The complaint seeks, among other things, damages in an unspecified amount and reimbursement of plaintiffs’ reasonable costs and expenses. The complaint alleges (a) that Loral's former CEO violated Section 10(b) of the Securities Exchange Act of 1934 (the “Exchange Act”) and Rule 10b-5 promulgated thereunder, by making material misstatements or failing to state material facts about our financial condition relating to the sale of assets to Intelsat and our chapter 11 filing and (b) that the defendant is secondarily liable for these alleged misstatements and omissions under Section 20(a) of the Exchange Act as an alleged “controlling person” of Old Loral.
Specifically, the complaint alleges that on June 30, 2003, the beginning of the Class Period, Loral made two announcements that purportedly would assist in strengthening its balance sheet and its future prospects. Loral announced that "it has collected approximately $55 million from Intelsat representing an acceleration of a receivable for agreed-upon milestone performance payments" and that Loral had resolved all outstanding legal disputes with Alcatel thereby eliminating potential exposure to $350 million in liability to Alcatel. However, the complaint alleges that the Company failed to disclose that Loral was actively negotiating the sale of six of its satellites with Intelsat and that Intelsat was pressuring Loral to file for Chapter 11 bankruptcy as a condition of closing the deal. Rather than disclose such material information, the announcement and subsequent statements issued by defendant Loral's Chief Executive Officer and the Chairman of its Board of Directors left potential investors in Loral with the misleading impression that Loral was "on plan" as discussed in the prior quarter's conference call, that Loral was not only current on its debt payments, but also was not in any danger of default and was focused on preparing for a recovery in its business. What the Company communicated to investors was substantially different than the reality that it was contemplating a Chapter 11 bankruptcy filing. On July 15, 2003, prior to the market open, and to the horror of recent investors who had purchased Loral securities based on the positive news from the Company, Loral announced that it was filing for Chapter 11 bankruptcy as a precondition to an agreement with Intelsat to sell its six North American satellites for approximately $1.1 billion. Once the stock resumed trading after being halted on the news, the stock lost 90% of its value.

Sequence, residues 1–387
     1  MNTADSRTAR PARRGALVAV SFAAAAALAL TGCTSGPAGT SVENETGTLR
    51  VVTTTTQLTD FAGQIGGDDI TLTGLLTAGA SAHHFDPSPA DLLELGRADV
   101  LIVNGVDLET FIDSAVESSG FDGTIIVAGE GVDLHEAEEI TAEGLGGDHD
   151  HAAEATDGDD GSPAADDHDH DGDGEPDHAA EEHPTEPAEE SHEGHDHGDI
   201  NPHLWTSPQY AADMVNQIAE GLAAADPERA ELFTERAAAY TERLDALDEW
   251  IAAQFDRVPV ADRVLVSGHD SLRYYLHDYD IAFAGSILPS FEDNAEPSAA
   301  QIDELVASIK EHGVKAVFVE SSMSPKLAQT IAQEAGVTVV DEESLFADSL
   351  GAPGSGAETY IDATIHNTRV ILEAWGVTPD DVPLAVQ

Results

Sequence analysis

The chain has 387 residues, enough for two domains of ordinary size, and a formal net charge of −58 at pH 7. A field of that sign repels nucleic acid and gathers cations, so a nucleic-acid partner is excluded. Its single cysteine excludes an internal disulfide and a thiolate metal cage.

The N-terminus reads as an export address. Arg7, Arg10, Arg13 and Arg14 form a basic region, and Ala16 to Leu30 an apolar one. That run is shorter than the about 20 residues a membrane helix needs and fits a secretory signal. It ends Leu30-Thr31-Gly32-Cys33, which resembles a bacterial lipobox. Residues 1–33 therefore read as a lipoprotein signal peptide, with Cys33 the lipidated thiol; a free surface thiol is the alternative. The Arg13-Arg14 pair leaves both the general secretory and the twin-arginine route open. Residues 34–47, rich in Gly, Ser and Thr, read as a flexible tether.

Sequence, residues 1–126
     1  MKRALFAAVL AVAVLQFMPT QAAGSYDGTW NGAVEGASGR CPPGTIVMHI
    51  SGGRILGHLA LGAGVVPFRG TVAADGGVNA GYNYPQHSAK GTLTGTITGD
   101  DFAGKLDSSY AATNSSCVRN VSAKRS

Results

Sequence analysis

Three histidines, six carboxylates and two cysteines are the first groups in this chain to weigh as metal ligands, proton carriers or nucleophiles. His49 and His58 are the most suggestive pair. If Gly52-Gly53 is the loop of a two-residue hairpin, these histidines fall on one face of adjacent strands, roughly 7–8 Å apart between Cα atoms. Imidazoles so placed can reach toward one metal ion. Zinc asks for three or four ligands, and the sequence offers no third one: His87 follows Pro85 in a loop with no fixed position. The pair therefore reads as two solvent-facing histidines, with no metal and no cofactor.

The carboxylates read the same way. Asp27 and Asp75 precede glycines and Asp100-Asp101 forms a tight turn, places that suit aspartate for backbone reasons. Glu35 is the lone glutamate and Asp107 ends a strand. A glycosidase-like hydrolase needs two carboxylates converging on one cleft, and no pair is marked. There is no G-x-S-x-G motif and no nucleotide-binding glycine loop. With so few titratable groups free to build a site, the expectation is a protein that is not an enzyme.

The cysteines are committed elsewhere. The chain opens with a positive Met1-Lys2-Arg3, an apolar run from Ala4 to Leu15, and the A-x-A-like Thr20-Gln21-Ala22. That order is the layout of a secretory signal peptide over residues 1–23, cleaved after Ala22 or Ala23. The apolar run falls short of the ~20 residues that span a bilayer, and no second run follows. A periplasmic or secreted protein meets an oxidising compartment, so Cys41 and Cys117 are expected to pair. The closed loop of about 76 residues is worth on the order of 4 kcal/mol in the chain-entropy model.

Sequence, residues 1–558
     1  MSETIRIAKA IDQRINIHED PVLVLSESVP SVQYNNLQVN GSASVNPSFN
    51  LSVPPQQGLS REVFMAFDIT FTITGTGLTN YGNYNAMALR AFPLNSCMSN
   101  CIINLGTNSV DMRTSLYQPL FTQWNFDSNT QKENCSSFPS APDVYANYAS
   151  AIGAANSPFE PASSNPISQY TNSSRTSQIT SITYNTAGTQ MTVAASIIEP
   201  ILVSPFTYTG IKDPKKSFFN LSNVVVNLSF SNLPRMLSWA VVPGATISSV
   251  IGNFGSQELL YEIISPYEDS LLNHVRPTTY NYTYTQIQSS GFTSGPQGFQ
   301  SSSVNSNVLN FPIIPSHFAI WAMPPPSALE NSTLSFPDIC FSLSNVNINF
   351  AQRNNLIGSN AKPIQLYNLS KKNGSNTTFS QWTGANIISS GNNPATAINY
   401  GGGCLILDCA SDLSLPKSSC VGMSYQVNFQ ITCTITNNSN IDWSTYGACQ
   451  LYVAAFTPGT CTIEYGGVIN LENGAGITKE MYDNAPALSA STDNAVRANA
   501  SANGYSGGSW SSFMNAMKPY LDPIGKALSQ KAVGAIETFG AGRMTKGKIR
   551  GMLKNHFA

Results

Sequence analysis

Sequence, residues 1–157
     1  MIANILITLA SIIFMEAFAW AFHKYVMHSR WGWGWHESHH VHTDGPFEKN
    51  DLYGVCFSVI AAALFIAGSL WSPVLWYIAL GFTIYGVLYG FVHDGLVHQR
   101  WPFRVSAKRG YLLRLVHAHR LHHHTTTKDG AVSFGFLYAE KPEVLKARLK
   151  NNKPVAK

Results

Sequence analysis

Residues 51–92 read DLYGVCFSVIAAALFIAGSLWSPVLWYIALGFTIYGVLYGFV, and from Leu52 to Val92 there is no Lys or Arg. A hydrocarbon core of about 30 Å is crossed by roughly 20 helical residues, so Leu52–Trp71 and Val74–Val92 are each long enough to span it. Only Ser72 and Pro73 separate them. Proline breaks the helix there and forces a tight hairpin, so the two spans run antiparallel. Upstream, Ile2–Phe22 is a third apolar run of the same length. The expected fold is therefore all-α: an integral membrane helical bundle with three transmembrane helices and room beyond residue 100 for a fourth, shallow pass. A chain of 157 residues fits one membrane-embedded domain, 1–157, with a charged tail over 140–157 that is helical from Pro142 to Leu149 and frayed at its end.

As summarized by the Company's Form 10-K For The Fiscal Year Ended December 31, 2010, in November 2003, three other complaints against the former Chief Executive Officer of Old Loral with substantially similar allegations were consolidated into the Beleson case. The defendant filed a motion for summary judgment in July 2008, and plaintiffs filed a cross-motion for partial summary judgment in September 2008. In February 2009, the court granted defendant’s motion and denied plaintiffs’ cross motion. In March 2009, plaintiffs filed a notice of appeal with respect to the court’s decision. Pursuant to stipulations entered into in February, May, July, August and October 2010 among the parties and the plaintiffs in the Christ case [...], the appeal, which had been consolidated with the Christ case, was withdrawn, provided however, that plaintiffs could reinstate the appeal on or before November 19, 2010. In November 2010, plaintiffs did reinstate the appeal, which is fully briefed and pending before the Second Circuit. Since this case was not brought against Old Loral, but only against one of its officers, we believe, although no assurance can be given, that, to the extent that any award is ultimately granted to the plaintiffs in this action, the liability of Loral, if any, with respect thereto is limited solely to the D&O Claims.
In April 2011, the Second Circuit affirmed the decision of the District Court. As a result of this decision, unless plaintiffs successfully appeal to the United States Supreme Court within the applicable time period for filing such an appeal and prevail on such an appeal, Loral will not incur any liability as a result of this case.